Let’s say that you owe me money that I loaned you, but you hadn’t paid me yet. Am I right to take you to court to get the money, or am I right to cost you the same amount of money that I am owed, thereby “evening the scales” as it where? Or, let’s say that you do a lot of stuff for me, and ask me for a loan. Am I then ethically right to expect you pay me back, even though you help me out? Do I ask you for this help you provide? Do I need you and/or your help? Ethically, if you did help me a lot, then I would feel right in loaning you the money, but I honestly wouldn’t ask for it back. However, as I said before, ethics apply to all people differently, and maybe you feel entitled to this money because you do stuff for me, and do not plan on paying it back because you help me out, and feel this is payment for that help. Is it right to expect you to pay me back? Is it right to ask me to help you out financially, or at all?

Let’s say that you get sentenced to death. Is the death penalty ethically right? Is it ethically right to kill someone? What about if that someone is themselves, a killer? Is it ok then? You’re killing a killer, so it’s not like he’s an innocent man, right? He’s a killer, he has no soul! Kill the killer! But what if he didn’t do it?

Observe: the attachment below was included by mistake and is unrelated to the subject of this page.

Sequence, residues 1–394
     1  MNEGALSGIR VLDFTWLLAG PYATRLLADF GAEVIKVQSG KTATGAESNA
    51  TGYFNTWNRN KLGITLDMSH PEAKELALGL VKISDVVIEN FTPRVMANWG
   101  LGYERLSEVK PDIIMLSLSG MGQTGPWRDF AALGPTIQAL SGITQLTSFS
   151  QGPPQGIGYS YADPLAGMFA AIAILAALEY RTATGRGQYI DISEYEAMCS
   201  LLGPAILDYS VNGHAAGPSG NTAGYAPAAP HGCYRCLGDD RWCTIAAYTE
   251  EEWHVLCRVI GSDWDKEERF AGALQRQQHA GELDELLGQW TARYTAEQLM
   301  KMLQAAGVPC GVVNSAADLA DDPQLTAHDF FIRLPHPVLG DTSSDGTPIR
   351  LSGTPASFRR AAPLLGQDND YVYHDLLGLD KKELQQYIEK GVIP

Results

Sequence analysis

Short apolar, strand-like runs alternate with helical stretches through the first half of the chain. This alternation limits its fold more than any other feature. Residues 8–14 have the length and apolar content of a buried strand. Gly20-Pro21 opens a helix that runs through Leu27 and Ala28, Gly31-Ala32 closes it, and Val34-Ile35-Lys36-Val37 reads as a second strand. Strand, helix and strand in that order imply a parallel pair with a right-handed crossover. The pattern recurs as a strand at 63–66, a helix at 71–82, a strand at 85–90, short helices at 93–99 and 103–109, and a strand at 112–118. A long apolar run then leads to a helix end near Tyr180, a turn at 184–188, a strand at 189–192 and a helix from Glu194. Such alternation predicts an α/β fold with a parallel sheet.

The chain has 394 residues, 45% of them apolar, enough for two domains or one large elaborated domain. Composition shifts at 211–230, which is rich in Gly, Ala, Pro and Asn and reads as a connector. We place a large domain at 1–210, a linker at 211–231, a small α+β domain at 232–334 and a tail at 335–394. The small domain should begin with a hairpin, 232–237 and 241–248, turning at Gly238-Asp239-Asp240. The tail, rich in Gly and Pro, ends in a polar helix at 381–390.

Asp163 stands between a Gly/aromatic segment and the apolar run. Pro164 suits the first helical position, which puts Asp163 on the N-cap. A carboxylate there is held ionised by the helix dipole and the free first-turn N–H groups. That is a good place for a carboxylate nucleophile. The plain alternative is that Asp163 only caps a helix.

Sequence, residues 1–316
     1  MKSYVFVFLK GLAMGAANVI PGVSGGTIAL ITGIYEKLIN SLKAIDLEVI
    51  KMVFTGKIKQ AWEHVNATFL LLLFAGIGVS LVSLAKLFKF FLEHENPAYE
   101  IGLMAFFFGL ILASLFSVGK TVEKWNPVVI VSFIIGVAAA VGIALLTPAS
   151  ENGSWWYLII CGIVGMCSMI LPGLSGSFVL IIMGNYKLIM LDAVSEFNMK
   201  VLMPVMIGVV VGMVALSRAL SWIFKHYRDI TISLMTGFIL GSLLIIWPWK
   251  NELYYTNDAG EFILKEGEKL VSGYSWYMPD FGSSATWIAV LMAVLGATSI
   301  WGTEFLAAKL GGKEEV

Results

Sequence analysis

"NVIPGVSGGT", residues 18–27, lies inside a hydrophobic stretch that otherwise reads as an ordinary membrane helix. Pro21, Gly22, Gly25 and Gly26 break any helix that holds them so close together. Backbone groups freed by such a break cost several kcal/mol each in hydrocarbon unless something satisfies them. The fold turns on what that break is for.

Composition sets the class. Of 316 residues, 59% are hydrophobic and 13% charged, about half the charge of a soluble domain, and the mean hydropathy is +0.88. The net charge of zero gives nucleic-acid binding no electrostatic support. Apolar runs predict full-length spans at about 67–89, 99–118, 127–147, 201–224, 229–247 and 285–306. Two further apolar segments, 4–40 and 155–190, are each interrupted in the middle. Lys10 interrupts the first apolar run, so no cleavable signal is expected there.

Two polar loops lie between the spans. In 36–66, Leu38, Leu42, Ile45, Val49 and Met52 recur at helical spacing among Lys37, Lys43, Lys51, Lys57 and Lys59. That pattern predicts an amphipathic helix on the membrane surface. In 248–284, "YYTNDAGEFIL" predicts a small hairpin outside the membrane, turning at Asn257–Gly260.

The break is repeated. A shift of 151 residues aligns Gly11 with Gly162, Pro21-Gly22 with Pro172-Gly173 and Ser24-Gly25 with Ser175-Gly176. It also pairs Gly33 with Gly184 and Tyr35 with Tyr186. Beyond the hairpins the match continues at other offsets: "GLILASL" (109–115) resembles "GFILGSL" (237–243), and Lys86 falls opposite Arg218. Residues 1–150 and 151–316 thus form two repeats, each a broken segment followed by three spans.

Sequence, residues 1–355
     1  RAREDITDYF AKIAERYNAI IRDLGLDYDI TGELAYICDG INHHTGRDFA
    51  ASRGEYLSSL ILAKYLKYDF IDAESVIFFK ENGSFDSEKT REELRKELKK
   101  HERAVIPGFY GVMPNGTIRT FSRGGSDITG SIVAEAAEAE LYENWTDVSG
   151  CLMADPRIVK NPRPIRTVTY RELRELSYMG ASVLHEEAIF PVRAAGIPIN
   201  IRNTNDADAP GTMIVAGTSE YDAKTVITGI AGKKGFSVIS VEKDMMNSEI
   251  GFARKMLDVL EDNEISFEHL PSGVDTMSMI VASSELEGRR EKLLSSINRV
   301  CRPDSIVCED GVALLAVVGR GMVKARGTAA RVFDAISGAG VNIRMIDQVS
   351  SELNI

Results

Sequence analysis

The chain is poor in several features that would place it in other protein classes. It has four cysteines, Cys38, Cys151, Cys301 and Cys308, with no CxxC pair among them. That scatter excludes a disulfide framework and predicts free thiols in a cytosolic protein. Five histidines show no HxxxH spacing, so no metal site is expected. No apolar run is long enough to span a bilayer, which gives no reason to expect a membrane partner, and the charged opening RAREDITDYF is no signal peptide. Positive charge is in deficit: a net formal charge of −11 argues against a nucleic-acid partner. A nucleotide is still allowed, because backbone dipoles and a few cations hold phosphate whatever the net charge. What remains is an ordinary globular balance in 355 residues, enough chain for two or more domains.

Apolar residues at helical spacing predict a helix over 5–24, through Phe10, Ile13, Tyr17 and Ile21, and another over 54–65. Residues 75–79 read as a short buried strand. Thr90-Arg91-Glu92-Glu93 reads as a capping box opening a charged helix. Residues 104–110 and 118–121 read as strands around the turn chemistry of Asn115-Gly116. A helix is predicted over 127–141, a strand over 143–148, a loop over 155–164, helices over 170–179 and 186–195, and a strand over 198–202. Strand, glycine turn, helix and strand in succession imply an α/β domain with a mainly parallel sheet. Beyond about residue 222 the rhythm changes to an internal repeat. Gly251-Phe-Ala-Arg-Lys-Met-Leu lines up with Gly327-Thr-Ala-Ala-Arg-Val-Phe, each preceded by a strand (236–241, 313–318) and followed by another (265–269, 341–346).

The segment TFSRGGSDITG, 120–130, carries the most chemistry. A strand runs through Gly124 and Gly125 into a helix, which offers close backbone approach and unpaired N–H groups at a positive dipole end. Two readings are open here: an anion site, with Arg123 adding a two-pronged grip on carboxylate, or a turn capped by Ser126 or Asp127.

Is it ethically right to sentence a man to, and then carry out his death, especially if the evidence he did it was weak? In my criminal justice class, we read about a man in Montana who spent almost twenty years in prison for a crime he didn’t commit. The reason that he got convicted off of the evidence is because is just enough to satisfy an admittedly racist jury, judge and prosecutor. It wasn’t until years later that he was cleared of all charges. Would it be right to put him to death for that crime then? He was innocent, but at the time, there was enough evidence to satisfy a jury, and that was technically right. The jury is racist, sure, but nothing in the law says that you can’t use a racist in a jury, especially when and where this happened, right? You have to use a jury of his peers, and it’s not the law’s problem that he lives in a racist town, during a racist time. The officers had evidence, and thus cause to suspect, and arrest this man, right? The police acted ethically, as the law states, no? Evidence to make an arrest was obtained, but the police jumped the gun.